Integrating STEM can lead to an “internal negotiation to incorporate the new role into an existing sense of self” (Ni et al., 2021, p. 282). The identity tensions that teachers experience can be either an opportunity for growth or a justification for maintaining the status quo, especially in the contexts where STEM learning outcomes are used as accountability measures (Cross Francis et al., 2018). For elementary teachers who are asked to innovate STEM in their classroom, their role identities (Brenner et al., 2018; Shanahan & Nieswandt, 2011) are related to their positions and actions (Keiler, 2018). Their classrooms become environmental and professional contexts to which they also bring their own identities as STEM learners. These STEM learner identities are constructed over a lifetime of formal and informal educational experiences, and they interact with their expected roles as elementary teachers.
STEM learner identity
Research on STEM learner identity has predominantly focused on science students, building upon the foundational work of Carlone and Johnson (2007). They examined student identity in science disciplines, drawing upon Gee’s (2000) definition of identity as a certain kind of person. Their model of science identity has three interrelated dimensions: performance of scientific practices, competence as knowledge and understanding of content, and recognition of oneself and by others as a science person. Carlone and Johnson (2007) have profoundly influenced how the field conceptualizes STEM learner identity. Researchers on STEM learner identity have operationalized these three dimensions in the pursuit of a generalizable model of STEM learner identity (Cribbs et al., 2015; Dou & Cian, 2022; Espinosa, 2011; Godwin, 2016; Hazari et al., 2010; McDonald et al., 2019; Paul et al., 2020).
Hazari et al. (2010), using data from the Persistence Research in Science and Engineering project, extended the Carlone and Johnson (2007) framework. They justified an additional dimension of interest by contrasting their participants (college English students) with the successful scientists in the Carlone and Johnson (2007) study. Interest influences students’ decisions of who and what they want to be (Hazari et al., 2010). The research team reported significant correlations between performance, competence, recognition, and interest and a “seeing oneself as a physics person” identity variable with the strongest correlation being recognition. The components of Hazari et al.’s (2010, p. 990) model are defined below and illustrated in Fig. 2:
Competence: Belief in ability to understand STEM content
Recognition: Recognition by others and self as being a STEM person
Performance: Belief in ability to perform STEM tasks
Interest: Curiosity to think and learn about STEM
Originally used to describe physics learner identity, the Hazari et al. (2010) framework has been broadly applied in STEM learner identity research, including quantitative studies of undergraduate mathematics students (Cribbs et al., 2015), undergraduate engineering students (Godwin, 2016), and elementary STEM students (Paul et al., 2020). Hazari et al. (2013) later merged the dimensions of performance and competence because these factors were indistinguishable in factor analysis (Cass et al., 2011). Cribbs et al. (2015) used this three-component framework and found that mathematics identity is most strongly related to competence/performance in undergraduate mathematics. This relationship is mediated by interest and external recognition in mathematics, with recognition having a stronger direct effect. Dou and Cian (2022) recently confirmed the robustness of the Hazari et al. (2010) framework in their structural equation model of the construct of STEM identity.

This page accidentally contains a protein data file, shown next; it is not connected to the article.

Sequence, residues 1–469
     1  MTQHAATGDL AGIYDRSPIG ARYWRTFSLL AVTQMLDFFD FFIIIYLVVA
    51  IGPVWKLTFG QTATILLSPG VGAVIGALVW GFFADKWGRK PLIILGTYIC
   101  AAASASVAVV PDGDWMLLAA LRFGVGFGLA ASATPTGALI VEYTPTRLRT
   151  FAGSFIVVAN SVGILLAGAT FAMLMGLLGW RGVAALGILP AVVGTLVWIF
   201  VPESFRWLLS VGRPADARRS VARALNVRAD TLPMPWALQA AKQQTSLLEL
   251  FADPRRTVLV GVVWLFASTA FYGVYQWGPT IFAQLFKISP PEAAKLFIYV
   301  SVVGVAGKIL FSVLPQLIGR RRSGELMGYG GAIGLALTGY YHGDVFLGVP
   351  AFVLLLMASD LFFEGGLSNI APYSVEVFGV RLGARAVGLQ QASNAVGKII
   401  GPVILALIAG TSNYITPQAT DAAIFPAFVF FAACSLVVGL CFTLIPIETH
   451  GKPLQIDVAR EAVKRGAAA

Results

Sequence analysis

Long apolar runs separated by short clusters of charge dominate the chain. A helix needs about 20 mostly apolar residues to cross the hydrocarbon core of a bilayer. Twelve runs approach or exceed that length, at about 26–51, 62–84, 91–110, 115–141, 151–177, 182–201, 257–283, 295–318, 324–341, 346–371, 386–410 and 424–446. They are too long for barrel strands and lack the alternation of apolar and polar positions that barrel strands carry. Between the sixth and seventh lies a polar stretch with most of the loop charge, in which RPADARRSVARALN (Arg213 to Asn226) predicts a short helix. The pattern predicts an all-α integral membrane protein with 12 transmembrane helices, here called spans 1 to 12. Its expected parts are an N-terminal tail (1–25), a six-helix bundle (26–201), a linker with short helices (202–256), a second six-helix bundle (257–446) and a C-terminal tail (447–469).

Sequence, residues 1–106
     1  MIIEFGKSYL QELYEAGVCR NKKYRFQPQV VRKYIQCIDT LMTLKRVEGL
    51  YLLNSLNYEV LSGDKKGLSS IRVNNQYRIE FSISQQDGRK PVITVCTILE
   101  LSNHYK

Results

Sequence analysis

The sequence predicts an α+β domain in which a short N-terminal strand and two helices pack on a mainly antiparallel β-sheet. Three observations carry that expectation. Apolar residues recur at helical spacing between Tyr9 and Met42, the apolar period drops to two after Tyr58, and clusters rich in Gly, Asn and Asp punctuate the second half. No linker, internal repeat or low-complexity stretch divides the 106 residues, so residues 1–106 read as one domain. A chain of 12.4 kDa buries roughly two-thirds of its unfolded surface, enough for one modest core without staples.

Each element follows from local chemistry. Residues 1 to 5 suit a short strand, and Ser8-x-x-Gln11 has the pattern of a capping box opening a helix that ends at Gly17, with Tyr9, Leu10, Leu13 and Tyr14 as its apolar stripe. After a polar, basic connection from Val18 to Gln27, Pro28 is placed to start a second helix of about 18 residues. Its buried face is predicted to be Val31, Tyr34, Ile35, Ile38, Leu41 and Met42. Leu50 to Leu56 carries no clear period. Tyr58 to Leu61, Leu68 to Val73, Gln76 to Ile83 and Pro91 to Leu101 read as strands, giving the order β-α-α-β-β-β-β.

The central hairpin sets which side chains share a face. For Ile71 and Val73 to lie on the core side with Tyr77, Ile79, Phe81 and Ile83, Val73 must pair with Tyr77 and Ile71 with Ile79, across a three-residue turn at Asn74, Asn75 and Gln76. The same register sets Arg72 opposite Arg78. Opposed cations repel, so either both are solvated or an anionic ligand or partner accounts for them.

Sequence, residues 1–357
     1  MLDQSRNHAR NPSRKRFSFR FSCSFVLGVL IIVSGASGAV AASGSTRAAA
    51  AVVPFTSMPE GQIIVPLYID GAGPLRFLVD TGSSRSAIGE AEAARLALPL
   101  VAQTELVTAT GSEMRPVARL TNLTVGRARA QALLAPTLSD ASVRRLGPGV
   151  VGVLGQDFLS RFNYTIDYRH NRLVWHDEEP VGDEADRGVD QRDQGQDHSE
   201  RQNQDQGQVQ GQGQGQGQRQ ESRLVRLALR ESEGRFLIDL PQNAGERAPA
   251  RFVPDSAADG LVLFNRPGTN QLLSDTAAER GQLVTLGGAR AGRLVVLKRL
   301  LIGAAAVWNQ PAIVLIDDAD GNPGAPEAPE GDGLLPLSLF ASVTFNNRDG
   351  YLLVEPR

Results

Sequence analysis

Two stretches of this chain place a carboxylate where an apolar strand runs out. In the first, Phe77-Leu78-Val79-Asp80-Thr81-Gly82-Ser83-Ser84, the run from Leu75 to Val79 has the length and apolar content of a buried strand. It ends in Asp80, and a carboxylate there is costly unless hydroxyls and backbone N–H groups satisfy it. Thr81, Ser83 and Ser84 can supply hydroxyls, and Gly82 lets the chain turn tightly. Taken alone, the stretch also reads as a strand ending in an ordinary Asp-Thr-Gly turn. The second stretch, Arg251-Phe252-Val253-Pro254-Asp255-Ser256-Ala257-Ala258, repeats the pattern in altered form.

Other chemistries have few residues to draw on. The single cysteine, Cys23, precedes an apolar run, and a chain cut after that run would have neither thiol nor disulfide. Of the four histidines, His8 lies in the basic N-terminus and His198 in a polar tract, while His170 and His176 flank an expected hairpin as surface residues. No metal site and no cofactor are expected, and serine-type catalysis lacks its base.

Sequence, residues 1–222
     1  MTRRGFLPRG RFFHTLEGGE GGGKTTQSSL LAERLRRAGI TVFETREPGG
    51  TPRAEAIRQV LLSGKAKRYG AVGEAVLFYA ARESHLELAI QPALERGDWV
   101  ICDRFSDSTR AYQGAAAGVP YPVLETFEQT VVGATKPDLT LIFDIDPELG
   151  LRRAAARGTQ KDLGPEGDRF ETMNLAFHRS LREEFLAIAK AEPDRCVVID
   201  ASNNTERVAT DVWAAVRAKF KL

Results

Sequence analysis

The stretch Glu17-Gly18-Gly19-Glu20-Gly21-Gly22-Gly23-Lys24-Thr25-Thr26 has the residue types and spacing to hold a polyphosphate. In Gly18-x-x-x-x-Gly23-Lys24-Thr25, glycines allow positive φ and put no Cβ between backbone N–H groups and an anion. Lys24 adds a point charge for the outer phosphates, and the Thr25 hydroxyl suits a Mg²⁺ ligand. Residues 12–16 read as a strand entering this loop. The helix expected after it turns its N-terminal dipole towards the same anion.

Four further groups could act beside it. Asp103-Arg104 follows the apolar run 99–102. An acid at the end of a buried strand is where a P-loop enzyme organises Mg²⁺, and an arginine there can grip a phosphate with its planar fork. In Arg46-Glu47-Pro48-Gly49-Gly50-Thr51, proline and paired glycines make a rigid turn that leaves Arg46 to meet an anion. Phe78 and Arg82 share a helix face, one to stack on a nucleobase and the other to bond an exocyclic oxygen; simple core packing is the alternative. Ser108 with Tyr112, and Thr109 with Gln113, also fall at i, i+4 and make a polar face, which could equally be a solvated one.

The Carlone and Johnson (2007) and Hazari et al. (2010) models were developed to predict student retention and persistence in STEM coursework (Carlone et al., 2014), but the components of these models are especially relevant as we describe the STEM learner identities that teachers bring to their professional work (Avraamidou, 2018). Carlone and Johnson’s (2007) conceptualization of performance and competence as distinct components provides a more flexible framework for teachers’ STEM learner identities than the models that combine these components (e.g., Cribbs et al., 2015). Competence is related to the demonstration of meaningful knowledge and understanding of STEM content, while performance relates to making competence visible to others. Although quantitative research has failed to distinguish between competence and performance, qualitative researchers have found that performance as evidence of STEM competence is not necessarily indicative of beliefs about STEM competence (Hudson et al., 2018). As integrated STEM challenges teachers to think about STEM competence and performance in novel ways, there is value in retaining these as separate dimensions in our initial conceptualization of STEM learner identity.